In the fifteenth and sixteenth centuries are many notices of committals to the Fleet, so numerous that I can only mention a few, one only of which I give in the original spelling. 32 Hen. VIII. Sept. 9, 1540.

"L[~r]es was also brought from the Lord P^ivey Seale, declaring a certayn affray to be made by S^r Geoffrey Poole in Hampshyre upon one Mr. Gunter a justice of peax, for that (as Poole sayd) one of Gunter's srvants had spoken evill of hym, and for that also that hymself Gunter had disclosed to the King's Counsail in the tyme of Poole's trouble certain secret conference which Poole had w^t hym. And answer was made to the sayd Lord P^ivy Seale that calling the complaynt eftesones before hym the lordes and others the gen[~t] and justices of peax in the c[=u]trey to thentent the cryme of S^r Geffrey might be notorious to all the C[=u]trey there he should c[=o]mytt the said S^r Geffrey to the Flette to remayne there until further knowledge of the Kings pleas^r."

Evidently great interest was made for this naughty Sir Geoffrey, for we learn on Sept. 24th that "It was declared to the Lady Poole, the wife of Sir Geoffrey Poole, that the King's higness had pardoned her husband of his imprisonment," and the Lord Privy Seal was directed to release him. But he seems to have been a very cantankerous knight, for we find him in hot water again next year. April 8, 1541, "Whereas Sir Geoffrey Poole, Knight, had violently and contrary to the King's Highness' peace assaulted and hurt[101] Sir John Mychaill clerk, parson of Racton in the County of Sussex," and he had to put in sureties to keep the peace towards the said parson, and to answer the bill preferred against him. But it seems that he had some provocation, for a letter was written to him requiring him to remember, as far as he could, the "haynous and traytorous woords spoken by S^r John Michaell."

On Nov. 7, 1540, Browne, the son and heir of Sir Matthew Browne of Surrey, was committed to the Fleet, together with some of his servants, for burning a certain stack of wood in Surrey. On Jan. 8, 1541, John Gough of London, printer, was sent to the Fleet for printing and selling a seditious book. On March 18, 1541, there seems to have been a riot among some of the servants of the Gentlemen of the Privy Chamber, and three of them were committed to the Fleet. On April 24, 1541, a smuggler was put into ward here, one Giles Hasebarde of Southampton, a "berebruer," who had put on board "a ship of Holland, named the Mary of Dordroyt," five pockets of wool, without a licence, intending to send them to Flanders. For this he was sent to the Fleet, the wool confiscated to the King's use, and the Master of the ship was mulcted in half the value of his vessel; but Hasebarde was not long in durance, as he was liberated on April 30th. To thoroughly understand the reason of this man's imprisonment in the Fleet, we must remember that he was sent there as being a _Debtor_ to the King, and in the fifteenth century it was a very common practice for delinquents who were confined in other London prisons to confess themselves, by a legal fiction, debtors to the King, in order to get into the Fleet prison, which was more comfortable. But to show the variety of so-called crimes, or misdemeanours, which were punishable by imprisonment here, there is the case of John Barkley of Canterbury, innholder, who was committed to the Fleet for having molested the King's Highness with sundry troublous supplications, and it was found that he "appered manyfestly to be a c[=o]men barrater[102] and a malicious [=p]moter of false and injust mattiers to the gret vexa[=c]on of the Kings faithfull subjects."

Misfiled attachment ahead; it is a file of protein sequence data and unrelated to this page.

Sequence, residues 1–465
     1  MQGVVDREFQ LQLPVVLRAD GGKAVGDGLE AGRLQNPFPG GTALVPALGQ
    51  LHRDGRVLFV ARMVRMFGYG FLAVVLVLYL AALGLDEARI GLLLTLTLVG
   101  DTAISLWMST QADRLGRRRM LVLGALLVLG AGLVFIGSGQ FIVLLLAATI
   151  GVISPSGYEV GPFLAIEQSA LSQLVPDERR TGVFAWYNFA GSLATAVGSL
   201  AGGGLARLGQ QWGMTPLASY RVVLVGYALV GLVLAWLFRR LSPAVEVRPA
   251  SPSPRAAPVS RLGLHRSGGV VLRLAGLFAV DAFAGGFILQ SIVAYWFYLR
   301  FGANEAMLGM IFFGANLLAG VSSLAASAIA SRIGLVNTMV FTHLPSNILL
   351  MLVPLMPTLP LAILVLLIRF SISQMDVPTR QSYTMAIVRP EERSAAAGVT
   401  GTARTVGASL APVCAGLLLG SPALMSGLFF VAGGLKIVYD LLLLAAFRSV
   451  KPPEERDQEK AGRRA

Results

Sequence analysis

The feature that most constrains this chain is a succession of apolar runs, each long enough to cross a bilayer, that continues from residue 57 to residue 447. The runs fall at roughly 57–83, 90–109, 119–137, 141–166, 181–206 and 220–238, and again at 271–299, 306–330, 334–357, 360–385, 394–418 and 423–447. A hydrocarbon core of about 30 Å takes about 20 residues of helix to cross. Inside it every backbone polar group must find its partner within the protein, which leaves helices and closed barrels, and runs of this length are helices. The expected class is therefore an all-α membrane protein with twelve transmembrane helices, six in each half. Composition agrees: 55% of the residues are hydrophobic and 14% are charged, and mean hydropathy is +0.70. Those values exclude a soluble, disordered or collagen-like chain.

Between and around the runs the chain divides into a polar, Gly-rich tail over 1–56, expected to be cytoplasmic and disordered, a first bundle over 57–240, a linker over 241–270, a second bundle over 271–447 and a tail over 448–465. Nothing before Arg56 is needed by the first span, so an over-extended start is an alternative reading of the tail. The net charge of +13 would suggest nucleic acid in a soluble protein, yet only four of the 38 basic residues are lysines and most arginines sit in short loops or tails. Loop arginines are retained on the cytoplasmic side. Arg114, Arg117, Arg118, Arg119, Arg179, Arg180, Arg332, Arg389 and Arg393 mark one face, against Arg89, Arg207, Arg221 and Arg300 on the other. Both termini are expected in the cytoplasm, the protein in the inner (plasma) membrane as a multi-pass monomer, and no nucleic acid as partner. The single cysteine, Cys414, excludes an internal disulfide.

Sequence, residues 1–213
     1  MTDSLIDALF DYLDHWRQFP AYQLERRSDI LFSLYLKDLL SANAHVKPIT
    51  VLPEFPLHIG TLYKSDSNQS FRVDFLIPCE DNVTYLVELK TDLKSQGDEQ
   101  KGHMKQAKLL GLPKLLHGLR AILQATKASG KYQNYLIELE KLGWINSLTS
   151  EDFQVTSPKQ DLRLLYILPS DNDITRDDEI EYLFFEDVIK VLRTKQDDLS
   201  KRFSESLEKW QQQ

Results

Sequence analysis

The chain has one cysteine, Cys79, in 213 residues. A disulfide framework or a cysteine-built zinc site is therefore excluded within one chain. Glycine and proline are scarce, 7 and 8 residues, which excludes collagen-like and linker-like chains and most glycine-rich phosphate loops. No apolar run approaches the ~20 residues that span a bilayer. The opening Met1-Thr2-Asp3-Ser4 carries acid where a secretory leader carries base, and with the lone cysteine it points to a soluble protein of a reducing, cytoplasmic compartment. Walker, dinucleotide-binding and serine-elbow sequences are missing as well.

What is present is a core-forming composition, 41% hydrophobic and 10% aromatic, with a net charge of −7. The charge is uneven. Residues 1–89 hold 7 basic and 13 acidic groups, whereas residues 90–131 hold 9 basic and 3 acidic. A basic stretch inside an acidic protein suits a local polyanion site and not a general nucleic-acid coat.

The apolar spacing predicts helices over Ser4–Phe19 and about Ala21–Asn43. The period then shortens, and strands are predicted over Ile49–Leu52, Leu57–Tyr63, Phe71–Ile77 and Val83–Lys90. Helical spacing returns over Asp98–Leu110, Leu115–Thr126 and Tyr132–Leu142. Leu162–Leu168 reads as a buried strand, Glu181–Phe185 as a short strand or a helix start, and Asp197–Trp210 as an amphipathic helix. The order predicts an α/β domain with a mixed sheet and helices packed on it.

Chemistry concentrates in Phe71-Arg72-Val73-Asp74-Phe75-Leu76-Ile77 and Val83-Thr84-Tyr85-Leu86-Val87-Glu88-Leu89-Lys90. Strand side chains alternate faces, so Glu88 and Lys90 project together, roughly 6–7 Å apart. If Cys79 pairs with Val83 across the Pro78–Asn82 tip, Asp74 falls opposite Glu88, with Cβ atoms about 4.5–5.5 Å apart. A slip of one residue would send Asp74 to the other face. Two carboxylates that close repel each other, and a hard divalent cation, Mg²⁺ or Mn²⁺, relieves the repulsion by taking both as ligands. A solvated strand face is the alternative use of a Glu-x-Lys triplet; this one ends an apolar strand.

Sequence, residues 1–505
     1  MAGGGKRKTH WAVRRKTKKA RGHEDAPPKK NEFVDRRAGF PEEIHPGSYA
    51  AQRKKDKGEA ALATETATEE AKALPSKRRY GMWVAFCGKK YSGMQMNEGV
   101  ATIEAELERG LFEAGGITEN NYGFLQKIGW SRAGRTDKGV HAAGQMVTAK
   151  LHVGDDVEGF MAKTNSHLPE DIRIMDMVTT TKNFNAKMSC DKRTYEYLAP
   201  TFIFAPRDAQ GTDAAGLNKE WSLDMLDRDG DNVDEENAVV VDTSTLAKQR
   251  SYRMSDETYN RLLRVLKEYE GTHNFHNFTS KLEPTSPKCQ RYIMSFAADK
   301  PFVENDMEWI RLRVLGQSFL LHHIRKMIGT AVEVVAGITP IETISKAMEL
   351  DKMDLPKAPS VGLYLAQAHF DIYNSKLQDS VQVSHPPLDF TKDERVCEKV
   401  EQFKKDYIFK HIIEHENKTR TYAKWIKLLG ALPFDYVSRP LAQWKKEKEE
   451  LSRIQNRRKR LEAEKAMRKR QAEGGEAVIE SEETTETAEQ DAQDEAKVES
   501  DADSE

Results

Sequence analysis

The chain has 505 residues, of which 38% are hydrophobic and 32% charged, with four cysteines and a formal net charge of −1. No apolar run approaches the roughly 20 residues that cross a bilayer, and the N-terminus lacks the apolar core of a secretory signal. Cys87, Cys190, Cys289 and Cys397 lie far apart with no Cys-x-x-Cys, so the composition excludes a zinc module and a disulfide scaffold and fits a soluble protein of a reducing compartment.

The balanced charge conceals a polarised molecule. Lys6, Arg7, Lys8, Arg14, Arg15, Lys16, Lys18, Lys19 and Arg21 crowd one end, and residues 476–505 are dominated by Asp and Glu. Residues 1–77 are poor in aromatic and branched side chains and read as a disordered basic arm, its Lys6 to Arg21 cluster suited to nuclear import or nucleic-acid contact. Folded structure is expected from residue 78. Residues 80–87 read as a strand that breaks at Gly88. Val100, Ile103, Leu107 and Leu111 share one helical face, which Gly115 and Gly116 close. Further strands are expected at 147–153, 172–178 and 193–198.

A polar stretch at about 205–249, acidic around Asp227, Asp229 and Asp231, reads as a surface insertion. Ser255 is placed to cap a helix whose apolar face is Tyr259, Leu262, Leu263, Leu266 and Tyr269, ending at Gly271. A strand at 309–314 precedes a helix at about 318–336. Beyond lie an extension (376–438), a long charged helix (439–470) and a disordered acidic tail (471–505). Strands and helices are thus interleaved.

It was also used as a house of detention, for we find Oct. 17, 1541, that Cowley the Master of the Rolls in Ireland, was examined, but because the time was too short to do it thoroughly, the Lord Chancellor sent him to the Fleet "untill syche tyme as the King sholde co[=m] to London." It seems to have been a refuge for misdemeanants, for April 3, 1542, John Bulmer Esquire, for his wilful disobeying of an order taken between him and his wife by the Council, was committed to the Fleet. And does not Shakespeare make Sir John Falstaff a denizen of this prison? (Second Part _King Henry the Fourth_, last scene).

"_Chief Justice._ Go, carry Sir _Iohn Falstaffe_ to the Fleete Take all his Company along with him.

_Falstaffe._ My Lord, my Lord.

_Chief Justice._ I cannot now speake, I will heare you soone: Take them away."

Sir Rd. Empson, so well known in Henry the Seventh's time, was indicted for sending, without process, persons accused of murder, and other crimes, "to the late King's Prisons, to wit the Fleet, the Compter, and the Tower of London." And, from the Articles of Impeachment against Cardinal Wolsey, it would seem that he was in the habit of committing to the Fleet, those who thwarted him in his demands. One case (Article 38) is: "Also that the said Lord Cardinal did call before him Sir John Stanley K^{nt} which had taken a Farm by C[=o]vent Seal of the Abbot and C[=o]vent of Chester, and afterw^{ds} by his Power and Might, contrary to Right, committed the said Sir John Stanley to the Prison of the Fleet by the space of a Year, unto such time as he compelled the said Sir John to release his C[=o]vent Seal to one Leghe of Adlington, which married one Lark's daughter, which woman the said Lord Cardinal kept, and had with her two Children; whereupon the said Sir John made himself Monk in Westminster, and there died."

Here is another example of the Cardinal's highhanded method of dealing with those who did not exactly bend to his will, in Article 41 of his Impeachment: "Also where one Sir Edward Jones, Clerk, parson of Orewly in the County of Bucks, in the 18th year of your most noble reign, let his s^d parsonage with all tithes and other profits of the same to one William Johnson, for certain years; within which years, the Dean of the s^{'d} Cardinal's College in[103] Oxenford pretended title to a certain portion of Tithes within the s^d parsonage, supposing the s^d portion to belong to the parsonage of Chichley, which was appointed to the Priory of Tykeford, lately suppressed, where (of truth) the Parsons of Orewly have been peaceably possessed of the s^{'d} portion _out of the time of mind_: Where upon a Subpoena was directed to the said Johnson to appear before the Lord Cardinal at Hampton Court, out of any term, with an injunction to suffer the said Dean to occupy the said portion. Whereupon the said Johnson appeared before the said Lord Cardinal at Hampton Court, where without _any_ Bill the said Lord Cardinal committed him to the Fleet, where he remained by the space of twelve weeks, because he would not depart with the said Portion: and at last, upon a Recognizance made, that he should appear before the said Lord Cardinal, whensoever he was commanded, he was delivered out of the Fleet. Howbeit, as yet, the said Portion is so kept from him that he dare not deal with it."